State Auditor: Sex Offender Registry has "Critical Errors"

By Steph Machado

Published 07/16 2014 06:31PM

Updated 07/16 2014 07:12PM

MONTPELIER - The results of a 7 month audit of Vermont's Sex Offender Registry call into question its reliability.

The audit released Wednesday morning says of the 2,340 total sex offenders in the state, 253 of the offenders had "critical errors" in their records. That's an 11% error rate.

"It has to be right," said State Auditor Doug Hoffer. "No system is going to be 100%, but there's a great deal of room for improvement here." There are no federal standards for sex offender error rates.

Hoffer's office did the same audit in 2010, and made recommendations to make the registry better.

"They did a little bit of that, then they let it go. And didn't implement all of the recommendations," he said.

The Vermont Crime Information Center runs the registry, and did implement a new data management system called OffenderWatch in 2013. Some of the errors--such as leaving an offender on the list too long--came from glitches within that new program.

"Any time you have a new technology platform roll-out, there is a certain amount of learning curve involved," said Jeffrey Wallin, the Director of the Vermont Crime Information Center. The center is under the umbrella of the Department of Public Safety.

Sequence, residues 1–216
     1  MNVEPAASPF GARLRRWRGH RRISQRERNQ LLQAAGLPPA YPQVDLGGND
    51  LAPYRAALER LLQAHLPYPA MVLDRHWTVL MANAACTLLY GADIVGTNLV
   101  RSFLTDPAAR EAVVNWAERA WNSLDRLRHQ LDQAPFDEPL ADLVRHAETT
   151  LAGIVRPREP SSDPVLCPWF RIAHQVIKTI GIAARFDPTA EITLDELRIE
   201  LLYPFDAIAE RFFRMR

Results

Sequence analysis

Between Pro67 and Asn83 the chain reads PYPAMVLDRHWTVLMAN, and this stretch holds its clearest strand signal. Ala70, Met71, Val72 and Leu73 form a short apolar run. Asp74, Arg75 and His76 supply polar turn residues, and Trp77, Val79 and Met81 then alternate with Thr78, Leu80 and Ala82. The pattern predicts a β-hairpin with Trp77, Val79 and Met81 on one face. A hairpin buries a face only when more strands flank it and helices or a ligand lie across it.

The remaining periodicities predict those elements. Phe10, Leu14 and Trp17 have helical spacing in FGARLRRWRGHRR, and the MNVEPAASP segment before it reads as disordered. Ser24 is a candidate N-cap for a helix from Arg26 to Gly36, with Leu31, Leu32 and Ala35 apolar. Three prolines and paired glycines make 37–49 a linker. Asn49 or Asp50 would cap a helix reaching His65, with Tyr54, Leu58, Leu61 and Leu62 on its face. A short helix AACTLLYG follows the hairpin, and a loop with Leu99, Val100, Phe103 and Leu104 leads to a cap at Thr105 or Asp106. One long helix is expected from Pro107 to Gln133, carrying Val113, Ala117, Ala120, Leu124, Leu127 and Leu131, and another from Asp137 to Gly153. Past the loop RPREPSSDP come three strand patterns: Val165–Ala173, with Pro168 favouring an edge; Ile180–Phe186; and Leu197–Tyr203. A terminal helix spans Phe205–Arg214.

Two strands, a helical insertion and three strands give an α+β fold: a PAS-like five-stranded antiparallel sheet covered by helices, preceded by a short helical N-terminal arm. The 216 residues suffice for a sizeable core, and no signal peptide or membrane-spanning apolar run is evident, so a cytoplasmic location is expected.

The Commissioner for the Department of Corrections Andrew Pallito also responded to the audit with a statement: "I'm pleased with the progress the DOC has made to date, and the department will work to implement that [State Auditor's] recommendation.

Part of the purpose of the audit was to help the legislature determine if the registry is ready to publicly display addresses of sex offenders. The audit doesn't give an opinion on that matter.

Meantime, Hoffer suggests fixing communication issues and human error between the courts, Department of Corrections, and Department of Public Safety to help lower the error rate in the future.

"The leadership from the three departments have to make this a priority," Hoffer said. "And I think they will."

You can read the entire audit here.

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